But there is very good reason to believe they are not. State officials are using old traffic data to justify the enormous expense. Traffic counts on the corridor actually declined between 2009 and 2012, the latest years for which data was available, according to an analysis by the Wisconsin Public Interest Research Group.

The data Wisconsin DOT cites to justify the project only extends through 2010. The agency says that’s because a later construction project affected traffic levels on the road. But Metro Milwaukee’s population has barely increased in a decade, and statewide, driving has been flat since 1999, so it’s not at all clear why the state would be expecting such an increase.

“Rather than fixing it first and prioritizing the maintenance of our existing roads and bridges, the DOT wants to widen a highway where traffic counts have declined by 8 percent over the past 12 years,” said WISPIRG Director Peter Skopec in a press release.

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4 Things to Know as Transportation Bill Negotiations Heat Up

Lawmakers in Washington are just beginning their latest attempt to craft the first long-term transportation bill in roughly a decade. The current bill expires in just a few months, on May 31, but in Congress that’s an eternity. While it’s a long way from go time, the contours of the debate are starting to become apparent.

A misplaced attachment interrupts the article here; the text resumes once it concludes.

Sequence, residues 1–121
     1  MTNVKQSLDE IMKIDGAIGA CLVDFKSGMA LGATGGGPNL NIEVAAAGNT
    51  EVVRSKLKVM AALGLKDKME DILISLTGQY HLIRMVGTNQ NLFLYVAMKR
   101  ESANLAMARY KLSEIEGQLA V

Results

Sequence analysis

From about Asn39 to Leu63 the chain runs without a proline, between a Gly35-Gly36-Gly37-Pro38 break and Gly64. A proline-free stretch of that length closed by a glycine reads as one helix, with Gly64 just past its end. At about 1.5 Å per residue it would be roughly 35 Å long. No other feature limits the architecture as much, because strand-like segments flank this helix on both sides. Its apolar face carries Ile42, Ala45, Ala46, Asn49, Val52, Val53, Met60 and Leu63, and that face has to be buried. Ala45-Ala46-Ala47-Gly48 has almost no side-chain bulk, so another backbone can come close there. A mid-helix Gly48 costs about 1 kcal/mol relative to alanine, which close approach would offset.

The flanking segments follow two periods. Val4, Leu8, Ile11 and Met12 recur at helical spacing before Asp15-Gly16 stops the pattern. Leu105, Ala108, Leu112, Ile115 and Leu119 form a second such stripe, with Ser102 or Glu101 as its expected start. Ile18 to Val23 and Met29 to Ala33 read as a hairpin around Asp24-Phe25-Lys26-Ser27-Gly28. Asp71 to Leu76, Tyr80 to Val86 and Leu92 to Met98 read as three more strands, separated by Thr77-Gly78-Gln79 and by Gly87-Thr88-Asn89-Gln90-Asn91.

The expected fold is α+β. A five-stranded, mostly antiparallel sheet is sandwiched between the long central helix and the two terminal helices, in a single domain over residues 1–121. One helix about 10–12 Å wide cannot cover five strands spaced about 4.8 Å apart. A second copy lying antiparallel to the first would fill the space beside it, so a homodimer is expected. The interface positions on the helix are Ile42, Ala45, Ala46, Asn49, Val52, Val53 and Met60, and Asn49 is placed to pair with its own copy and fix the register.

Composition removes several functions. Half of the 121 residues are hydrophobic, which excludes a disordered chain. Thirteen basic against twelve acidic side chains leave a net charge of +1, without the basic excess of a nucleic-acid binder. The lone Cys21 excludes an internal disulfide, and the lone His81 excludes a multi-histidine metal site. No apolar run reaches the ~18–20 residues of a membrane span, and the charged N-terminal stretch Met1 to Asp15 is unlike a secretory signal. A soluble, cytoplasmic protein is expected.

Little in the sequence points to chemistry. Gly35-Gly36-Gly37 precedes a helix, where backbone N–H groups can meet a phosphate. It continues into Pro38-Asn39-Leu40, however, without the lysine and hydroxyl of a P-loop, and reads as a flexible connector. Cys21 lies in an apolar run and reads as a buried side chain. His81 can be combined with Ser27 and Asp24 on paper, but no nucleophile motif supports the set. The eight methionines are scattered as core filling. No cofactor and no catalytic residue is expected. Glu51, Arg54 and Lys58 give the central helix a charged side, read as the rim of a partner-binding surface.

House Transportation and Infrastructure Committee Chair Bill Shuster (center, in white) and U.S. Transportation Secretary Anthony Foxx (right, in the red tie) held a Twitter town hall to promote a long-term transportation funding plan. Photo: Bill Shuster via Twitter

House Transportation and Infrastructure Committee Chair Bill Shuster (center, in white) and U.S. Transportation Secretary Anthony Foxx (right, in the red tie) held a Twitter town hall last week to promote a long-term transportation funding plan. Photo: Bill Shuster via Twitter

Here’s how things are shaping up.

The White House Transportation Proposal and Anthony Foxx’s “Grow America Tour”

The Obama Administration has unveiled the broad strokes of a six-year transportation proposal, the “Grow America” plan, that would dramatically increase federal funding for transit and include key incentives to reform how state DOTs spend their billions.

Transportation Secretary Anthony set out on a four-day tour of some Southern states yesterday to promote the Grow America plan. Foxx has been enlisting local leaders to help build a push for reauthorization.

The Fight Over Transit Funding

Pushing in the opposite direction, bolstered by Koch brothers money, is the Tea Party wing of the GOP, which wants to end federal funding for anything that’s not highways.

Last week, a group of rural Republicans raised the prospect of eliminating the portion of the Highway Trust Fund that supports transit. Since Ronald Reagan signed the policy into the law in 1983, 20 percent of federal gas tax revenue has gone toward the nation’s rail and bus systems.